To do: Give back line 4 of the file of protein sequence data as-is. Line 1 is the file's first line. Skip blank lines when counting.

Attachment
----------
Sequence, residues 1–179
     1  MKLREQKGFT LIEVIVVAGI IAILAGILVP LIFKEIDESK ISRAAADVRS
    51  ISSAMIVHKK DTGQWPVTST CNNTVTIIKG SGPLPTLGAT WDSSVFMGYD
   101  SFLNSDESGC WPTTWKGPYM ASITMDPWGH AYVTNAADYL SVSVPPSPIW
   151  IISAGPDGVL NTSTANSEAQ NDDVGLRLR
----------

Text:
   101  SFLNSDESGC WPTTWKGPYM ASITMDPWGH AYVTNAADYL SVSVPPSPIW